Conrad said the respondents recognized the pressure and possibilities of technology that is and will continue to impact federal acquisition.
“Most senior leaders interviewed expect a decisive shift from tactical to strategic work as technology takes on more basic or repetitive tasks. This means that some of the process-oriented tasks, such as preparing routine administrative contract modifications, could be fully automated and therefore devalued as a core competency of the contracting workforce,” the survey white paper states. “Several senior leaders even described a future in which an encyclopedic knowledge of the rules and regulations will be devalued as artificial intelligence further automates their application to acquisitions or incorporates regulatory provisions and requirements into contracting app algorithms.”
Conrad said senior procurement executives also recognized that they must update and modernize acquisition processes before technology can truly help them, otherwise the old adage, “garbage in, garbage out,” will ring too true.
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“We need to get better at how we train into the workforce. Those that have data science understanding need to tell a really good story with data,” he said. “How are the contracting officers the solution makers? That really comes down to competency. What are those balance of skills that will allow someone to be competent as a business leader in this function? That is one of the areas, because of technology advances, that the technical components will soon be outweighed by the software skill needs.”
Conrad said those softer skills include things like having the baseline knowledge of the problem or mission, products and related markets.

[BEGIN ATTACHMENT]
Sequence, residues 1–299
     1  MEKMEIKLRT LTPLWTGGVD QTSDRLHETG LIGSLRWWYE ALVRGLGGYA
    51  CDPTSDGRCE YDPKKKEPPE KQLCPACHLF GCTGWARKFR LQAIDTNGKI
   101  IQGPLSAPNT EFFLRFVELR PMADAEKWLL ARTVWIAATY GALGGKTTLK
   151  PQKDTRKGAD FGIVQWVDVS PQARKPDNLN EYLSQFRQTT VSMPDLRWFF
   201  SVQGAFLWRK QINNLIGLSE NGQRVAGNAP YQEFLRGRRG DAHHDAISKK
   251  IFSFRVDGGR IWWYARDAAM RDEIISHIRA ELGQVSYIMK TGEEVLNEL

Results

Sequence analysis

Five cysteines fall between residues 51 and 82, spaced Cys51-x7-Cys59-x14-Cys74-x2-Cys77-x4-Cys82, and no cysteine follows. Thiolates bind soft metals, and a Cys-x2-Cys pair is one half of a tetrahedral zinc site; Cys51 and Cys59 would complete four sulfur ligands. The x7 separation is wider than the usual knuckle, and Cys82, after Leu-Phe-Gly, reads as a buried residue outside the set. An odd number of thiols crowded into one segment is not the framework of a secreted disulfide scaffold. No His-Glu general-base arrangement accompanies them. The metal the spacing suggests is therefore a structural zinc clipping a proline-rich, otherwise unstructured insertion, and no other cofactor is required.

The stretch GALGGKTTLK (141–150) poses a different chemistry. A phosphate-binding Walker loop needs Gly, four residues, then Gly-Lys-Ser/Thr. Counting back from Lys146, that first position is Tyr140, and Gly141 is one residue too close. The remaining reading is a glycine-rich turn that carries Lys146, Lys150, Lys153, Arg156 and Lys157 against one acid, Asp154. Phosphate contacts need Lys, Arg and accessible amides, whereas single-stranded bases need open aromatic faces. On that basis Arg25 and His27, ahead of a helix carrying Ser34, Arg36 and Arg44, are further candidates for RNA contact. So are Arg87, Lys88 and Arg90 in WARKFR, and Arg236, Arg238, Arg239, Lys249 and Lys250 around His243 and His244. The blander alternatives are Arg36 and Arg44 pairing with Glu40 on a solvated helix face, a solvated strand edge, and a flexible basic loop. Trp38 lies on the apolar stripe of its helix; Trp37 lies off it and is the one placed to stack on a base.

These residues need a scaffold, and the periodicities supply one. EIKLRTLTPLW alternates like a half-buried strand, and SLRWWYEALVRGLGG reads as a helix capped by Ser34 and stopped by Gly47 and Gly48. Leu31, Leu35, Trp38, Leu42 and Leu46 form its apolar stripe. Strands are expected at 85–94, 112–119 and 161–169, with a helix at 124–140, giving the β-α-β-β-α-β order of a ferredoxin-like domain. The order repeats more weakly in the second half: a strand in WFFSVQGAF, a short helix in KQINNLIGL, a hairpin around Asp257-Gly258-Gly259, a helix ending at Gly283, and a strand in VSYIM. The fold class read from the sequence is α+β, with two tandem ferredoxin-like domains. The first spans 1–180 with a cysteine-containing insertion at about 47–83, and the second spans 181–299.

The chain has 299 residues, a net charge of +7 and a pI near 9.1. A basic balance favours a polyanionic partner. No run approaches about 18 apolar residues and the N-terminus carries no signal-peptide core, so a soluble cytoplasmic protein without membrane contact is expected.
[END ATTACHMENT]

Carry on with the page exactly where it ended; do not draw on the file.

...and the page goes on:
“Several senior leaders interviewed described a future where contracting professionals would absorb other new responsibilities as well — from areas such as supply chain management, requirements generation, and program management,” the white paper states. “Most senior leaders interviewed expect a decisive shift from tactical to strategic work as technology takes on more basic or repetitive tasks. This means that some of the process-oriented tasks, such as preparing routine administrative contract modifications, could be fully automated and therefore devalued as a core competency of the contracting workforce. Several senior leaders even described a future in which an encyclopedic knowledge of the rules and regulations will be devalued as AI further automates their application to acquisitions or incorporates regulatory provisions and requirements into contracting app algorithms.”
With the survey results final, NCMA plans on taking a two-track approach to help facilitate change.
First, Conrad said the association is meeting with federal acquisition leaders and workers to discuss the results and find out more about their roadblocks.
“We have started a process to provide more micro-learning and opportunities for someone to attest to an ability or to credential themselves much sooner in the process,” he said. “That’s the dramatic shift. We can’t just put you in front of a fire hose and then when you need information later, it will somehow magically appear from your brain and you are ready to go.”